A Small Contribution; How I handle (and leverage) piracy

2 replies
Piracy is unstoppable when you sell digital wares of any kind, however I've developed a few techniques to make things simpler.

Part 1:Avoiding "Refund" Pirates

We all know who these guys are; they buy a product and file for a refund right after. This is especially prevalent with instant downloads, and license free products.

To help offset this, I do the following.

Step 1:Setup an account with Plimus.com

If your doing high volume, and refund pirates (Not unsatisfied customers mind you; plimus wont help you there) are a serious problem you need a plimus account for one simple reason.

Everytime you have a refund request, or a complaint filed via paypal it goes into there internal system. I've never looked inside it myself, but I do know if you have a predetermined amount of refunds per month (Regardless to wether or not you issue them and resolve the issue) paypal will put a hold on your account until you jump through a dozen different hoops (some with fire!).

Plimus acts as an intermediary; assuming all the risk for you. The only catch is they almost always issue refunds on request. But this eliminates the problem of getting a hold or limited account during a product launch (or just a period of exceptional volume)

Step 2:Setup a kunaki.com account

Repeat after me

I will always ship a hardcopy.

Kunaki makes this simple. They even have free scripts, so that an instant download AND a hardcopy can be shipped on purchase. This provides you with a tracking ID, for those pesky "Not received" customers who love to run with your money. Personally, I enjoy these claims in particular. unlike the refund pirates, these people make there fraud completely obvious to the payment processor. A quick response with a tracking ID, and you dont need to issue a refund; the would be pirate has his product-you have your money- and as a bonus the pirate gets a few blackmarks on his credit card/payment processor of choice.

Kunaki charges around .99c per CD shipped. You can design a jacket, ship in dvd cases, cd cases, and even boxes with manuals (if you like)

This makes your operation look much more professional as well. Your no longer an "Info-merchant" or a "Software merchant" but a Software company. Your selling real, tangible, physical products.

If you opt to only offer hard copys, it also cuts back in piracy by a huge percentage.

Part 2riving traffic, while protecting your asset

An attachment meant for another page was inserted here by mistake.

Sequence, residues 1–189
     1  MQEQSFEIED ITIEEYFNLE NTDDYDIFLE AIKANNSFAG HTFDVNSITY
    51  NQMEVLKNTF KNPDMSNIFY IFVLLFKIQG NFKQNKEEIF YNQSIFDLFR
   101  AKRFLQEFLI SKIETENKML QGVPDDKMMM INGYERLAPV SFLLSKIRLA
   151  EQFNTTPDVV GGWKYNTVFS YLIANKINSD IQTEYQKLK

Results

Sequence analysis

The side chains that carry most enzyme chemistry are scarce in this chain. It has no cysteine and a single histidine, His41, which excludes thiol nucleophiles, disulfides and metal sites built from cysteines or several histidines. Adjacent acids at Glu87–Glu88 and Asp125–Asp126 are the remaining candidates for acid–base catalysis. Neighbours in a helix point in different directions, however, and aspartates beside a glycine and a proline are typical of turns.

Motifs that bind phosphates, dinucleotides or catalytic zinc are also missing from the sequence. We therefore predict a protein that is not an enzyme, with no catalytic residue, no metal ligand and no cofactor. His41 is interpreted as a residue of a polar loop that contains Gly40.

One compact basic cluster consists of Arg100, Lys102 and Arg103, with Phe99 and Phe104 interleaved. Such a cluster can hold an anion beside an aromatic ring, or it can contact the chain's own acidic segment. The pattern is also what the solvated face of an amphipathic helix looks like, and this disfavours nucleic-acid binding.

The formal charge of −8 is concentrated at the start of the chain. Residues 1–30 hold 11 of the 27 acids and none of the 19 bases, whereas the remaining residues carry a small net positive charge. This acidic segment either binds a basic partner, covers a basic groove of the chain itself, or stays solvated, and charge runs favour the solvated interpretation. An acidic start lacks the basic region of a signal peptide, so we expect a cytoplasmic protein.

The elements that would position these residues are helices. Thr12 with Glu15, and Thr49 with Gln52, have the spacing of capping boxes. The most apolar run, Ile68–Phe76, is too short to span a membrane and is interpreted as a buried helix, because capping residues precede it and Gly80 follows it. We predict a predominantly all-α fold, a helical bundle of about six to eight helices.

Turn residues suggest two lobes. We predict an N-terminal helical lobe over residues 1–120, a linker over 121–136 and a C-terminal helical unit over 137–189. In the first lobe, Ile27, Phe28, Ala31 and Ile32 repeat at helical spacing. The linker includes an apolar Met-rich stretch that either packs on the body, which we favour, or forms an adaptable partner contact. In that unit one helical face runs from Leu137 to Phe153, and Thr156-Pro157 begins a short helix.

This is my absolute personal favourite.

Anytime I invest in, or launch a product I *always* have a team do this for me. Data entry workers are fine; its a simple task.

First, do a bit of viral marketing. Create *something* that you can offer for free, and upsell your end product with.

Next, do some keyword research. Find every single directly applicable term in your niche.

Its simple really. This last part;

Upload it AS the finished product on as many torrent trackers, warez forums, and other pirate havens as you can think of.

This makes it much more difficult to find your pirate goods in the SERPS.

When a pirate does end up finding your product, you often end up with free traffic. AND if your viral was exceptional, there going to *need* your product.

Thats the jist of it I suppose. I'm sure I could write some more, but its closing on 6am here so I'm going to turn in now.

I'm not sure if I'm allowed to link to my blog; I'll have to look through the rules.

Goodnight warriors!
#contribution #handle #leverage #piracy #small
  • Profile picture of the author St Croix
    That last one's a really cool tip actually. I'd reccomend using rentacoder to do it multiple times on pre-launch and launch day as multiple torrents.

    I used to work in the music industry for many years before I became a full time marketer. We used to edit artist CD's before they were released and add 60% white noise into the tracks at random intervals, then upload the new album onto multiple Limewire accounts just prior to release.

    It would have REALLY pissed off the pirates because in those days, it still took most people a good 20 minutes or so to download a track, only to find it was full of static.

    Back in the game!

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  • Profile picture of the author Brad Gosse
    This is some really great information.

    I have done my share of p2p marketing but I must say I like some of the angles here.
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